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    No no no no, I think I phrased my question badly. I need to know the User's "Application Data" Directory a la:


    I mean "Application Data" as in the directory in Documents and settings where Programs can store config files etc on a per user basis, not the directory the app is in.

    Sorry :o
    Programming today is a race between software engineers striving to build bigger and better idiot-proof programs, and the Universe trying to produce bigger and better idiots. So far, the Universe is winning.

  4. #4
    Join Date
    Apr 2006
    Location
    Zagreb, Croatia
    Posts
    152
    This will give you some virtual directories but Application Data is missing in my case. Anyway it's worth investingating

    int folder;
    switch (cmbSpecial->ItemIndex)
    {
    case 0:
    folder = CSIDL_BITBUCKET;
    break;
    case 1:
    folder = CSIDL_CONTROLS;
    break;
    case 2:
    folder = CSIDL_DESKTOP;
    break;
    case 3:
    folder = CSIDL_DRIVES;
    break;
    case 4:
    folder = CSIDL_FONTS;
    break;
    case 5:
    folder = CSIDL_NETHOOD;
    break;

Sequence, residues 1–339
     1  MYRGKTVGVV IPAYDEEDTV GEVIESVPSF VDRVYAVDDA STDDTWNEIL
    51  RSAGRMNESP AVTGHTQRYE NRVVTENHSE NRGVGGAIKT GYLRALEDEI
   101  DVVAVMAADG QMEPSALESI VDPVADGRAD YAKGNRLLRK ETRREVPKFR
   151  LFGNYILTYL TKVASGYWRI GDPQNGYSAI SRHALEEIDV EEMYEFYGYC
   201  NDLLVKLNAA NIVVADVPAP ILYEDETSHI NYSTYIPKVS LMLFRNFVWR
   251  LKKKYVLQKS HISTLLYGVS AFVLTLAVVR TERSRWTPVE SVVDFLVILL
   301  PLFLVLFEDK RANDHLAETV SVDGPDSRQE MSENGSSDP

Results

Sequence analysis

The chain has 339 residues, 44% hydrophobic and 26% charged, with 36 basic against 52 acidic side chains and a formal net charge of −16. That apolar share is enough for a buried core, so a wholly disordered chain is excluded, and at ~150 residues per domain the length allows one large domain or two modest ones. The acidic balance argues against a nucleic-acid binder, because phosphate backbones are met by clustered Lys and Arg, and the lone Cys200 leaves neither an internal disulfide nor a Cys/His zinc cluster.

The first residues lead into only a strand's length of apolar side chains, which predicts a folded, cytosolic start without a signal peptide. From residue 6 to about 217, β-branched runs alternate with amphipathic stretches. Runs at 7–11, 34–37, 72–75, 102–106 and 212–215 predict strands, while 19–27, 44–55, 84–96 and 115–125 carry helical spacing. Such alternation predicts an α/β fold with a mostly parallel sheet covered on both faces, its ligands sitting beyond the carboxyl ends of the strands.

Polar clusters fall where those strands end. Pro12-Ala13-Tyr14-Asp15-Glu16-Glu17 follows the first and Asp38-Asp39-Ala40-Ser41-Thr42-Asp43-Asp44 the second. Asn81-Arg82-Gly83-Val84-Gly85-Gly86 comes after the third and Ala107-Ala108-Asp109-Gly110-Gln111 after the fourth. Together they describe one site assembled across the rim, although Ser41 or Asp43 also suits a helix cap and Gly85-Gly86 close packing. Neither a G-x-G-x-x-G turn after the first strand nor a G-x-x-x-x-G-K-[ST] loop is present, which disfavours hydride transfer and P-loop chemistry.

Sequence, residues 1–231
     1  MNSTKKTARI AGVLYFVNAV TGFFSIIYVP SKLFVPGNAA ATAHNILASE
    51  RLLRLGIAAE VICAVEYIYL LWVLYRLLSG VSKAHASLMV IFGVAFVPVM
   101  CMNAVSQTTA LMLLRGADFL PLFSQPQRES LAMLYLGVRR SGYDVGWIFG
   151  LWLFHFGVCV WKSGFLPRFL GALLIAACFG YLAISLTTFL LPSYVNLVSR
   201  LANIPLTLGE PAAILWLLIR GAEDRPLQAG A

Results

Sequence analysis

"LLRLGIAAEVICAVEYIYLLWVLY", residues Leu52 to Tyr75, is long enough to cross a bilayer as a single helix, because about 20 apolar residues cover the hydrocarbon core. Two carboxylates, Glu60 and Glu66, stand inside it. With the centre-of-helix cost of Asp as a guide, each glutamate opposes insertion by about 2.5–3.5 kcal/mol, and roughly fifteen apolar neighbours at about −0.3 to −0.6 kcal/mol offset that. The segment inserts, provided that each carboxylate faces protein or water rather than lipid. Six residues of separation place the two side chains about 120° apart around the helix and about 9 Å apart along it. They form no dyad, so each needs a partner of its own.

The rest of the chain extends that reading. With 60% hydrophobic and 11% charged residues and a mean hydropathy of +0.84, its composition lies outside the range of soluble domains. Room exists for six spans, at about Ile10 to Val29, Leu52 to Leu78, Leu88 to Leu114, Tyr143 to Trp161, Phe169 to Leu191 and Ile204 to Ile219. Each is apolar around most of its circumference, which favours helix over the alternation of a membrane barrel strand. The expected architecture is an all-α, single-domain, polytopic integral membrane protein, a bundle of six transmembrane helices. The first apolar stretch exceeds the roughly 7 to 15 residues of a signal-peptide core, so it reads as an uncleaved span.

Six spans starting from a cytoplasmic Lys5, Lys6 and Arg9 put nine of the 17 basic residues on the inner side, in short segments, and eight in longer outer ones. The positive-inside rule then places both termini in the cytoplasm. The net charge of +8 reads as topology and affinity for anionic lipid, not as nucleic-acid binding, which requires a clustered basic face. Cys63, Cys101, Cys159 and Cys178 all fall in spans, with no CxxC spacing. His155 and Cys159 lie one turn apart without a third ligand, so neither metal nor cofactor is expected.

case 6:
    folder = CSIDL_PRINTERS;
    break;
    case 7:
    folder = CSIDL_PROGRAMS;
    break;
    case 8:
    folder = CSIDL_RECENT;
    break;
    case 9:
    folder = CSIDL_SENDTO;
    break;
    case 10:
    folder = CSIDL_STARTMENU;
    break;
    case 11:
    folder = CSIDL_STARTUP;
    break;
    case 12:
    folder = CSIDL_TEMPLATES;
    break;
    default:
    folder = -1;
    break;
    }
    if (folder >= 0)
    {
    LPITEMIDLIST pidl;
    if (SHGetSpecialFolderLocation(Handle,folder,&pidl) == NOERROR)
    {
    char buf[MAX_PATH];
    SHGetPathFromIDList(pidl,buf);
    // Label1->Caption = buf;
    DirectoryListBox1->Directory = buf;
    FileListBox1->Directory = DirectoryListBox1->Directory;

    }
    }

  5. #5
    Join Date
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    Location
    San Bernardino County, California
    Posts
    1,468